I would like to propose that this is codswallop.
It’s overly simplistic. Societies don’t swing back and forth, and the poles are never fixed.
Instead, I think the truth is a strange attractor around which the trajectory of a society warps and bends, sometimes near, sometimes far, always in motion. The exact path the society takes is highly sensitive to that society’s origin myth, and varies with everything from current local politics to natural disasters to pop music trends.
Pretty much exactly like this:
This means you could take snapshots of a society’s history, like paragraphs out of the society’s history books, and treat the pile of snapshots like a Poincaré map of that society’s eccentric orbit around the truth.
Mythologies are necessary for social identity, every culture will have one, and subtle variations in a society’s founding myth can have huge effects on its path around the attractor of truth. A society that, for example, idolizes the myth of the Rugged Individualist may at some point along its trajectory bend in the direction of the notion that truth is a matter of personal opinion, not empirical fact. A society that enshrines the value that belief in God is vital to being a good citizen might find itself pulled toward the attractor of authoritarian religion as it flows along its course.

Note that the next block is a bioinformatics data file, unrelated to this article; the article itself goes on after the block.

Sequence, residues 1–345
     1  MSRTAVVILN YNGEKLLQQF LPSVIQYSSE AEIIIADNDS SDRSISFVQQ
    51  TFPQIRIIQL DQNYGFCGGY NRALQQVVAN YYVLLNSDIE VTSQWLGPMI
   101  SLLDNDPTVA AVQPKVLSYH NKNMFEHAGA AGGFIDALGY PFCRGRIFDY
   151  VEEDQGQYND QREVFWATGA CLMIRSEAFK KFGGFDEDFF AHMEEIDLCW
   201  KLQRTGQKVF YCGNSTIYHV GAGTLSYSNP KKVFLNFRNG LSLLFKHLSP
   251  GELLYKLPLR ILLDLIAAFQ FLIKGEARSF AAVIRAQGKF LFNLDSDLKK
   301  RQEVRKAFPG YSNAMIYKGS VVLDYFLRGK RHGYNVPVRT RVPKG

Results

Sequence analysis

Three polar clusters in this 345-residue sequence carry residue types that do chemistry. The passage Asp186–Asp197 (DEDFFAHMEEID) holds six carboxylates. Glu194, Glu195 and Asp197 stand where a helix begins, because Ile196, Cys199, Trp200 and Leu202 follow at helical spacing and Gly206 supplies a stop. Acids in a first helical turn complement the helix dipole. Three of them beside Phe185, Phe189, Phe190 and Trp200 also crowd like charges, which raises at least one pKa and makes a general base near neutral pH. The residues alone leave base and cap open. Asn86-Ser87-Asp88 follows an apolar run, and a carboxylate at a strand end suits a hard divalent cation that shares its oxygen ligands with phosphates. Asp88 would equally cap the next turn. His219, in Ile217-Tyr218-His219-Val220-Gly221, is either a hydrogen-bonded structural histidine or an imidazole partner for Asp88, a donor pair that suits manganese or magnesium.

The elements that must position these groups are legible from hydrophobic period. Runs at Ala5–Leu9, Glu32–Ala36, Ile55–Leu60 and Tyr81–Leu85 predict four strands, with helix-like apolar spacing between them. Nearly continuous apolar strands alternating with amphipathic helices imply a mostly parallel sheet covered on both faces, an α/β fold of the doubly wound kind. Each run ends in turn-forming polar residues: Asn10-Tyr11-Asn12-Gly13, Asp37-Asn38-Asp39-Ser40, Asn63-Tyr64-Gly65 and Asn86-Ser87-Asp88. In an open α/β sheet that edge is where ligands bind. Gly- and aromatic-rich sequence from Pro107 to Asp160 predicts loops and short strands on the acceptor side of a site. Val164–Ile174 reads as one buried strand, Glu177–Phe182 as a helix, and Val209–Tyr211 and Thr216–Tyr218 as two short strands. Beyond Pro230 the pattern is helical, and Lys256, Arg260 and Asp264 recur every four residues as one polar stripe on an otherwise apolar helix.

But these attractions are never as simple as a pendulum swing. Too many variables, too many competing ideas go into a society’s culture. Just as you can never set foot in the same river twice, for when you return both you and the river will have changed, a society cannot revisit the same moment twice, however much its members may long for the nostalgic past.
Dr. Martin Luther King, Jr. famously said “The arc of the moral universe is long, but it bends toward justice.” That’s probably true over great stretches of time, years to centuries to millennia, but the loops and bends away from that direction happen all the time, drawn by the irresistible tropism toward Rugged Individualism, Somebody Else’s Problem, xenophobia, profiteering, fear, and the urge toward authoritarianism that seems baked into us as a species.
Right now, we’re on one of those crazy slingshots away from truth, in an era where American Republican operatives sneeringly refer to the opposition as the “reality-based contingent” and offer “alternative facts.”
For those of us trapped on this arc, it’s small comfort that given another 40, 50 years, the moral arc of the universe may once again bend back toward justice. So…let’s be kind out there.